Yardley MP Jess Phillips spoke in the Opposition Day debate on Supported Housing.
Earlier in the day, the Government announced they had dropped plans to cap housing benefit for social housing and supported accommodation, which had been blamed for an 85% decline in new homes being built for vulnerable people.
In the debate, Jess Phillips MP said:
"I also welcome the announcements. I think I have asked for the local housing allowance rate to be removed in the mind of policy makers from supported housing every single time I have spoken in this House, so I am pretty chuffed that that was finally heard.
The hon. Member for Walsall North (Eddie Hughes) is a passionate speaker, and it is nice to hear somebody in the House who sounds a bit like me, but I do not share much of his optimism, because when I have walked around the streets of Birmingham during the past seven years I now step over the bodies of people who have nowhere to live, and that was not the case before. In Birmingham, a man was found dead in the streets because he was cold and homeless. With the greatest respect, therefore, although the support of services like YMCA in Birmingham is brilliant, 33 beds for a population of 1 million is a woeful figure.
I have lived there all my life and have worked in homelessness services for most of my adult life, and I can absolutely guarantee that right now it is worse than I have ever known it. For me to say otherwise and be positive about the situation would be to tell a lie, and I am not willing to do that.
Given my own experiences, it will be no surprise that I am going to stick up for refuge accommodation. I take issue with the Minister’s assertions that no one is turned away, because currently in this country one in four women are turned away; that is 78 women every day and 78 children every single day who find that there is nowhere for them to live. That is what is happening now. So the future assertions about refuge are very welcome, but, as was stressed in the brilliant report by Members, which has been mentioned already and is worthy of praise, women’s refuge needs a specific and different model taken off-stream, and it needs sustainability. I want to talk a little bit about why sustainability matters.
After the most recent general election—there have been more than there should have been in the time I have been here—I recall the Prime Minister commiserating with her colleagues who had lost their seats. How difficult that must have been for her, having caused the demise of their jobs. However, where I worked, I had to put every single member of staff on notice every January. Everyone was given a notice warning that their job might not be there in March because we lived hand to mouth on year-on-year funding. That is not the way I would operate my household income, and it is not the way to operate an organisation. It is not what the Government should want for the most vulnerable people in society, but that is what is happening in every supported housing charity in the country at the moment. Every single year, we had to put people on notice, and sometimes we would find out only on 30 March what funding we were going to have for the next year. There needs to be a sustainable funding pot.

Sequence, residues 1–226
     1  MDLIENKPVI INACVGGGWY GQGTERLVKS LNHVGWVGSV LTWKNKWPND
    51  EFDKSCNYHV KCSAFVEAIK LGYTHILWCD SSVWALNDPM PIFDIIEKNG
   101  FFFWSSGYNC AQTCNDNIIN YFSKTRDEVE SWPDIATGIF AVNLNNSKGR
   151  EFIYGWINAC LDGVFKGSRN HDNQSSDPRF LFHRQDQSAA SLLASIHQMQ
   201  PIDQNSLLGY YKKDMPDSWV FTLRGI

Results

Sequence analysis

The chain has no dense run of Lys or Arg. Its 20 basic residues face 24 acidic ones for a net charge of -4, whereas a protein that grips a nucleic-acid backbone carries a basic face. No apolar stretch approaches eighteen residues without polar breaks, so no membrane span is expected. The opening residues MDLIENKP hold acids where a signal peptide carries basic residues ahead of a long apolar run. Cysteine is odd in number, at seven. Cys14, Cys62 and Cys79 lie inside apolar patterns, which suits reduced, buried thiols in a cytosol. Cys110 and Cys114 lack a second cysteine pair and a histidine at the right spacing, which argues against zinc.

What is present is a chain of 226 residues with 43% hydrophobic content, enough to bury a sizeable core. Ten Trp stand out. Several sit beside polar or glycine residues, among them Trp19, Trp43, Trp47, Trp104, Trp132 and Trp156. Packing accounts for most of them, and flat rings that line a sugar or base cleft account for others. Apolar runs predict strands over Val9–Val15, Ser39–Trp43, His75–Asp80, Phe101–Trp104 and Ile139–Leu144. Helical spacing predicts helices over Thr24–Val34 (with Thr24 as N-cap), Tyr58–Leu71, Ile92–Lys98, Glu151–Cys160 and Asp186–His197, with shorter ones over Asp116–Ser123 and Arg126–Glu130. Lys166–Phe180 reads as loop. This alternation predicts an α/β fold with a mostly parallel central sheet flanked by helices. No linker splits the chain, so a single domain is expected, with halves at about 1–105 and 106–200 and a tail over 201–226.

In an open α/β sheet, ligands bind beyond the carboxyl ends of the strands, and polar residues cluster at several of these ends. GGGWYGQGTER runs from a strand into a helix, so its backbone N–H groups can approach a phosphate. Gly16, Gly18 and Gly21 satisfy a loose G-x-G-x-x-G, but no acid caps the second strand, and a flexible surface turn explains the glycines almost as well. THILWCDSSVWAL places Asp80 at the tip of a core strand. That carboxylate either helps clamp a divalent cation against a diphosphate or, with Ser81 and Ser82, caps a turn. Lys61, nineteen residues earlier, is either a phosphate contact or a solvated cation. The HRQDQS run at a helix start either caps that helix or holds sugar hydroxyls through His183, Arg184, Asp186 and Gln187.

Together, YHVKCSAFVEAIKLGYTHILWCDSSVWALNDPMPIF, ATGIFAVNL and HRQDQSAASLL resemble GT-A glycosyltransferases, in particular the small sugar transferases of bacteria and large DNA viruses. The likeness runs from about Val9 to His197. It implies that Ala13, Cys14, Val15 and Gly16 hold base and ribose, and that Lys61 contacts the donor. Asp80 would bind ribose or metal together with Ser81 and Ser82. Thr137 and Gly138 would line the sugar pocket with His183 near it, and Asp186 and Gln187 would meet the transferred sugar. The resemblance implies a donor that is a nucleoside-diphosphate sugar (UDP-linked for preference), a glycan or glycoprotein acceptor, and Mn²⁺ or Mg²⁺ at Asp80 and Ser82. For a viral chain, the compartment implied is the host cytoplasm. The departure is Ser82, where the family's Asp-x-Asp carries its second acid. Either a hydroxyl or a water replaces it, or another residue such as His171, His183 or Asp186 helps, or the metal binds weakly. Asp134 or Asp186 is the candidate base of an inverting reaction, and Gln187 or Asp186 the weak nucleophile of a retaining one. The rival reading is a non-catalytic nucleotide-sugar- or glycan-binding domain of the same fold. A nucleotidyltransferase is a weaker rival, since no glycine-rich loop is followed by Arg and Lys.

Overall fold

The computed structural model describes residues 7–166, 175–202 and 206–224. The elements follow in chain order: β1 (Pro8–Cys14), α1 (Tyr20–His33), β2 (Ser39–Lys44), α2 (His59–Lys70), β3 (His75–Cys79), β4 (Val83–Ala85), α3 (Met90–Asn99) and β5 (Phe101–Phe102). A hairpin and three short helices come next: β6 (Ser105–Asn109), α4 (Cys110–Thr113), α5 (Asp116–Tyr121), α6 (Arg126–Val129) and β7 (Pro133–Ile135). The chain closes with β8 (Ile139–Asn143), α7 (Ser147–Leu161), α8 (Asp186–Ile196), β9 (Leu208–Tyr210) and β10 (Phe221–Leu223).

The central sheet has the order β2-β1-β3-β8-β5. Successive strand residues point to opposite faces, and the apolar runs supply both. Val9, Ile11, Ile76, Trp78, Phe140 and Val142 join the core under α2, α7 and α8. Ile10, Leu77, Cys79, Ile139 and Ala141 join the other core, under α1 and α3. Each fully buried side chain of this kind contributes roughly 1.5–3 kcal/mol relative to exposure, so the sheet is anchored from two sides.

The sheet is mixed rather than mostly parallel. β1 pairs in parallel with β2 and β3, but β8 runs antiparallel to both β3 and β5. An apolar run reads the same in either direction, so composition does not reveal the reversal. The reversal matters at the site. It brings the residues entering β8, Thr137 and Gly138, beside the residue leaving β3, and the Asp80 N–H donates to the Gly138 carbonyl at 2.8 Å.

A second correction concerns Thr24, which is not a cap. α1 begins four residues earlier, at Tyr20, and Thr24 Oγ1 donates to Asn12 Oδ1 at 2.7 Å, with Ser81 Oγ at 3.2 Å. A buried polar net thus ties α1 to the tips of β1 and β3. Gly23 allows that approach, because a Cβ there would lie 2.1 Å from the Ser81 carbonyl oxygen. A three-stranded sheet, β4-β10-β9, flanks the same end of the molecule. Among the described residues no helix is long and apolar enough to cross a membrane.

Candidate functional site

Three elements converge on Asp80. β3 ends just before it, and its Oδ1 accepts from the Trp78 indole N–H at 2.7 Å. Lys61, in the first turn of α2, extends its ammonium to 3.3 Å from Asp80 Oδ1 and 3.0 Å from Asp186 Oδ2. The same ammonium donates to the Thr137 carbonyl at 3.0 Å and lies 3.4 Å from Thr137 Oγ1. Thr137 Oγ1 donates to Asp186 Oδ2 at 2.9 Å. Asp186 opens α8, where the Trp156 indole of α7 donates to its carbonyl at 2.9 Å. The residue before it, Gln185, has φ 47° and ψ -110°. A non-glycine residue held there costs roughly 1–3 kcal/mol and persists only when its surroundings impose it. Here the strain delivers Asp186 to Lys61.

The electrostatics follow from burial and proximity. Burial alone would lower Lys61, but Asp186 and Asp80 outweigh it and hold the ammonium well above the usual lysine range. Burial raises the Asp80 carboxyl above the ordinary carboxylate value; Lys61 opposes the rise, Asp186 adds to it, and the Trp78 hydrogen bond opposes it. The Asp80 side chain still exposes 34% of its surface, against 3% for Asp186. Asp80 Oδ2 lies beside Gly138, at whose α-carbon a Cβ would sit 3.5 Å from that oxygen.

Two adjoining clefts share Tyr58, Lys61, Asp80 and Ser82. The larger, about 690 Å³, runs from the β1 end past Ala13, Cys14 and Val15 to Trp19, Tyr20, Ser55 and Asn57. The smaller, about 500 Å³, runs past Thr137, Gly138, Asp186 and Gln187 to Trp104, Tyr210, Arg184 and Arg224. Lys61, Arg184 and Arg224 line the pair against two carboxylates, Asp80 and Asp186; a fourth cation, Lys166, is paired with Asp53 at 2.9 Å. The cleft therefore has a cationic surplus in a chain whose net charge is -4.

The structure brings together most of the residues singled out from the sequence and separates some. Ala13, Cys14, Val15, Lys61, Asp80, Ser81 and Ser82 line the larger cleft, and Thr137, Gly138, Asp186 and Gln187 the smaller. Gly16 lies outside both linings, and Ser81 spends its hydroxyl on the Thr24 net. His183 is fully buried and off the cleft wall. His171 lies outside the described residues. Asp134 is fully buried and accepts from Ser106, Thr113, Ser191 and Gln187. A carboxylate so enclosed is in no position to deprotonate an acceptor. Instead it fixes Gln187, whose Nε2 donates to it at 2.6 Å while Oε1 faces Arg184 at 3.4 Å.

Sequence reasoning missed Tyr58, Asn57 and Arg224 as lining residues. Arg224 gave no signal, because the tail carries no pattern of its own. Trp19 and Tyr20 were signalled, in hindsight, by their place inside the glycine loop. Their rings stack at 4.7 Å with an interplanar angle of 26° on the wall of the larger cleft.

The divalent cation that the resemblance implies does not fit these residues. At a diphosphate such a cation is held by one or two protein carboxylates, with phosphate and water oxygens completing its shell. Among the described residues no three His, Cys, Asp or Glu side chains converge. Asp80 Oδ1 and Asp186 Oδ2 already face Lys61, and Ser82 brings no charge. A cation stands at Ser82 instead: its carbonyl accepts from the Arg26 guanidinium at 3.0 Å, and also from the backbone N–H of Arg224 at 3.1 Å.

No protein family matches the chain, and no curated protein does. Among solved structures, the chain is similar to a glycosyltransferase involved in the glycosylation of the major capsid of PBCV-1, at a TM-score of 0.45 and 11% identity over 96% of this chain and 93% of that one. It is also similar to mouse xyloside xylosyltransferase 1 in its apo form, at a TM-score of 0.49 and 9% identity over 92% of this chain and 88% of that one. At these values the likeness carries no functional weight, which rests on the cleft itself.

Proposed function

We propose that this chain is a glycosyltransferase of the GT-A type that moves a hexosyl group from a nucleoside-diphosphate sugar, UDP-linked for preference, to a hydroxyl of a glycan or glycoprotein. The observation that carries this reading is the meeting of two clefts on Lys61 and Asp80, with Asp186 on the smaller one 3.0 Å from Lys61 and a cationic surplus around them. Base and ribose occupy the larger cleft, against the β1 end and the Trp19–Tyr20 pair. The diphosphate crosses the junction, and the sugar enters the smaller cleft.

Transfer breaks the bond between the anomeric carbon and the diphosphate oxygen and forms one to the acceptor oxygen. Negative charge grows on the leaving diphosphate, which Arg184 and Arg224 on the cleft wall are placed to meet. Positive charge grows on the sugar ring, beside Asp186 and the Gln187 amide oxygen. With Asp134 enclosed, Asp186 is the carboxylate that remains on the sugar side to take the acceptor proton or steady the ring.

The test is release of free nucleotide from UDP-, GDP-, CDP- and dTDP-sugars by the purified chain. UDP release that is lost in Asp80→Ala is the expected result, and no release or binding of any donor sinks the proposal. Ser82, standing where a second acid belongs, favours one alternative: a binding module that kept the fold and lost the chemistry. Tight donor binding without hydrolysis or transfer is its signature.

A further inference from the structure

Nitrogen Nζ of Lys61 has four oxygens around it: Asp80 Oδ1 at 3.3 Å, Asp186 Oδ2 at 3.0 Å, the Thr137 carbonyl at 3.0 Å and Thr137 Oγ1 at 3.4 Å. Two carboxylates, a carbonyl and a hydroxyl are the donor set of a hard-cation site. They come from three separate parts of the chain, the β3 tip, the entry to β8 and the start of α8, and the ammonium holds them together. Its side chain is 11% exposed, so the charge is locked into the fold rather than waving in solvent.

I want to pick up on another thing the Minister said in his opening speech. He said he knew that demand was going to get higher. It is utterly shameful for him to stand at the Dispatch Box in this building and say, “We know it’s going to get worse. We know that more people are going to need supported accommodation.” There is one reason why the Government will need more supported accommodation for the people I have been dealing with: universal credit.
At the moment, if a woman is receiving benefits through tax credits, the money goes to her. There are lots of women across the country saving up money and putting it away, so that they can escape and will not need a refuge bed. However, under the new universal credit system, every single penny going into that household will be paid to one person. It does not take a genius to work out who usually gets the money in a household, so that money will now be going to the man. The woman, whose financial constraints are already so severe, will be limited even further by the Government’s proposals, which will not allow women to break free when they need to.
I have asked the Department for Work and Pensions whether it is monitoring who is getting the money in split payments, why people are asking for split payments and whether anyone has even asked for split payments. I have asked what data it is collecting about split payments and, funnily enough, the answer is always, “I’m sorry, we don’t collect that data.” The Government are not collecting data, and they are turning a blind eye to a group of people who are so vulnerable that they will be turning up on our doorsteps, at our surgeries and at our refuges, where they will be turned away because there is nowhere for them to go. On Tuesday, I want to see a sustainable plan that lasts for a term that is longer than five years. We have just been given another five-year term here, so how about we give that to them? We need a specific funding model for refuge services because, without it, people die."